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World Diabetes Day: ARC EM study aiming to reduce hypo 999 calls

Research funded by ARC East Midlands is looking at driving down diabetes-related ambulance call outs across East Midlands.

Led by Professor Niro Siriwardena, of the University of Lincoln, the study is looking at ways to reduce the number of hypoglycaemia-related ambulance call outs. 

The study team includes Prof Graham Law, Dr Vanessa Botan, Dr Murray Smith, Despina laparidou, and Dr Elise Rowan from the University of Lincoln, Prof Kamlesh Khunti and June James from University of Leicester, with colleagues Sally Dunmore, Robert Spaight and Dr Leon Roberts from East Midlands Ambulance Service NHS Trust and patient experts, Mrs Amanda Brewster, Mr Keith Spurr and Mrs Pauline Mountain.

Professor Siriwardena says reducing such calls will not only improve health outcomes but could also save the NHS £1 million in the future. 

The study is exploring whether educating people about how to manage the diabetes-related condition, which results in about 240 calls per month over the East Midlands region, will reduce the number of repeat call outs related to hypoglycaemia which are responsible for more than a fifth of these calls or over 50 per month.

Professor Siriwardena wants to investigate an ambulance service innovation which involves supporting staff and patients aided by a booklet ‘Hypos Can Strike Twice’ to reduce the number of hypo call outs in the East Midlands Ambulance Service area. The guidance booklet provides information about what causes low blood sugar, what the warning signs are and how to avoid a hypo in future.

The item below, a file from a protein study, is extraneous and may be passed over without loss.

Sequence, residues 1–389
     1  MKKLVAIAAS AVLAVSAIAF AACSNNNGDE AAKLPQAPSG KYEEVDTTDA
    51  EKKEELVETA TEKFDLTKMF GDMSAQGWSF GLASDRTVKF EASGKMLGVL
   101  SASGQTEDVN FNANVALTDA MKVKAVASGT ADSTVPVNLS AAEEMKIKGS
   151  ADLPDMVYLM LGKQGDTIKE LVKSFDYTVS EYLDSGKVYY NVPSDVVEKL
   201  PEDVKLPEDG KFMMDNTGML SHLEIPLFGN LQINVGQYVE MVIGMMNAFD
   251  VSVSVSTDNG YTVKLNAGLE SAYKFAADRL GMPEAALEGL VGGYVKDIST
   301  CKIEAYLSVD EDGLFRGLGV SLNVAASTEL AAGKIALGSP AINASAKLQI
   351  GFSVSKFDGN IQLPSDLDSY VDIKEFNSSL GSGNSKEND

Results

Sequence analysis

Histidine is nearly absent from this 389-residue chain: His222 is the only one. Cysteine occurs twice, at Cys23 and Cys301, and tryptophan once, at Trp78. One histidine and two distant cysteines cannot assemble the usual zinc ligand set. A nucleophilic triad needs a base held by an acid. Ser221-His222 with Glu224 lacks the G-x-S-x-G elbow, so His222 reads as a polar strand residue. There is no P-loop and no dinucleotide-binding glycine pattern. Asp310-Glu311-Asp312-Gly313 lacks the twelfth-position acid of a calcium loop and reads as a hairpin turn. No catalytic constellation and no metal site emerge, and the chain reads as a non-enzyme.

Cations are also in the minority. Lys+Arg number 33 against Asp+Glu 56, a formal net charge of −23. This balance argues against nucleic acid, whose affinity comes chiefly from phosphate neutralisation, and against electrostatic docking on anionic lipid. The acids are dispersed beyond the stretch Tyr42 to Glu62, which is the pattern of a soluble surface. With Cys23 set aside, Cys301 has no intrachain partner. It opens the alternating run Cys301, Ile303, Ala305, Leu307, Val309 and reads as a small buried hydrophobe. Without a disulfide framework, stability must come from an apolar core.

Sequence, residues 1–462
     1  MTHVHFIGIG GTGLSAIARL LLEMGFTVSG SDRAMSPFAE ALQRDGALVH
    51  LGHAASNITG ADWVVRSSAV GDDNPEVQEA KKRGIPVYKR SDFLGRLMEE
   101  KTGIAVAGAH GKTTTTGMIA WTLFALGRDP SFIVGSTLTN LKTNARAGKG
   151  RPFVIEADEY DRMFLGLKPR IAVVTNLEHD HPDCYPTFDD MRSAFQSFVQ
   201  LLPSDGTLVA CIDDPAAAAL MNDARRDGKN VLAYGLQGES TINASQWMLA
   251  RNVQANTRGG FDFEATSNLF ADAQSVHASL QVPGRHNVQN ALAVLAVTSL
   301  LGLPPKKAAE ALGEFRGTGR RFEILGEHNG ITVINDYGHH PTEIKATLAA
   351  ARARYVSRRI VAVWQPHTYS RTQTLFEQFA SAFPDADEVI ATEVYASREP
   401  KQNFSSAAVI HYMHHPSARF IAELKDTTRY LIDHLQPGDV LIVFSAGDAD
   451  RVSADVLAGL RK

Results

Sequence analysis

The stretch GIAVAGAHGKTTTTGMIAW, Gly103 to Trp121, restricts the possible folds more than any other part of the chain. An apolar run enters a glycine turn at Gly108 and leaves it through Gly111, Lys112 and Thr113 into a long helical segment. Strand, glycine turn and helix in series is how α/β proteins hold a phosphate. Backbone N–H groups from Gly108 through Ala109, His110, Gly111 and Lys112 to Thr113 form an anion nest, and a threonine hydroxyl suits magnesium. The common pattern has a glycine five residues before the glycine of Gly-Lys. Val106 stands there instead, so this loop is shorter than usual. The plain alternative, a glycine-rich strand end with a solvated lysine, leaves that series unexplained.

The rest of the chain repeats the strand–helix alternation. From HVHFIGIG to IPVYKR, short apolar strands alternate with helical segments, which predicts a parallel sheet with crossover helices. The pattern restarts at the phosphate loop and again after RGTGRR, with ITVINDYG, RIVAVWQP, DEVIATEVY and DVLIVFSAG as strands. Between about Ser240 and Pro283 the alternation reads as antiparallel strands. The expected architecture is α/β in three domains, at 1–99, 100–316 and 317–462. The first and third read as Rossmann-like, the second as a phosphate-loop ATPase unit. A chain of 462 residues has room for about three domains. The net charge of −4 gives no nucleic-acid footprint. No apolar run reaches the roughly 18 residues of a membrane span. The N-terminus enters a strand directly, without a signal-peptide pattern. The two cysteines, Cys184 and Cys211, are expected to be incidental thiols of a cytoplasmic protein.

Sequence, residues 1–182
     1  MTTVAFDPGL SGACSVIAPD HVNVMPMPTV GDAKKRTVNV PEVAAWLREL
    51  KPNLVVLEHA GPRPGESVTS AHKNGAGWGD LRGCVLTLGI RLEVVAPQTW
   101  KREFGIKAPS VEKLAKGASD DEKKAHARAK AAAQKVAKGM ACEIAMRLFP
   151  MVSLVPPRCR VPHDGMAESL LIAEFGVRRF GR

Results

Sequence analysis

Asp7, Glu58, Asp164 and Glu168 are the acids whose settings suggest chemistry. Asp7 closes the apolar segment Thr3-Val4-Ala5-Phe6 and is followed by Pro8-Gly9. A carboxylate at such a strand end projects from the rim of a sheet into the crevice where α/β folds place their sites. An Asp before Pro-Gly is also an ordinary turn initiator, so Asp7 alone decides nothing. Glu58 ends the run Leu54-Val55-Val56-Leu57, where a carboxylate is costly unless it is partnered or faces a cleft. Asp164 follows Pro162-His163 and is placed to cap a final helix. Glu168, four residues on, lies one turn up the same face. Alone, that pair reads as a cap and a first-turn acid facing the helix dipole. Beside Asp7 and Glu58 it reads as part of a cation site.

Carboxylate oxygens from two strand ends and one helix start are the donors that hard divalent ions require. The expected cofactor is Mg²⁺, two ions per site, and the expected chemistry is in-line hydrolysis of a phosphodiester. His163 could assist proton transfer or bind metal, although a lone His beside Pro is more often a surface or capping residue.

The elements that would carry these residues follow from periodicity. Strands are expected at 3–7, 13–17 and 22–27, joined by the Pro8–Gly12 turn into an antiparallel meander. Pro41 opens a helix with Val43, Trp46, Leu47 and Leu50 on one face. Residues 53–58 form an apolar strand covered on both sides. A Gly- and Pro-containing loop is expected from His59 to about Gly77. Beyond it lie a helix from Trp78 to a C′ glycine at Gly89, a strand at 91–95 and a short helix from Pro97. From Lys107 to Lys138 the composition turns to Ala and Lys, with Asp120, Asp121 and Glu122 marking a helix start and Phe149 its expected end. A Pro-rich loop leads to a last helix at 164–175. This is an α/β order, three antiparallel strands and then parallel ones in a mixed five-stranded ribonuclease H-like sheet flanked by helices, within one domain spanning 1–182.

The Director of the Community and Health Research Unit at the School of Health & Social Care at the University of Lincoln said: “Although hypoglycaemia can be serious if left untreated, it is possible to treat the condition and prevent a future episode, if action is taken early. Prevention, instead of reaction is always favourable, so we want to see what impact the Hypos Can Strike Twice booklet has on people when it comes to dialling 999 for hypoglycaemia.

“If the new process of care is found to work, this will help prevent the recurrence of hypos and improve patients’ future health. It could also reduce potentially unnecessary calls to the ambulance service, while also hopefully eliminating hospital attendances, thereby reducing pressures and costs for ambulance services and hospitals nationally by over £1 million.”

Should the results of the study show the guide has had a significant impact on reducing hypo-related ambulance calls, then the initiative may be rolled out on a national basis. 

Published on: 14 Nov 2020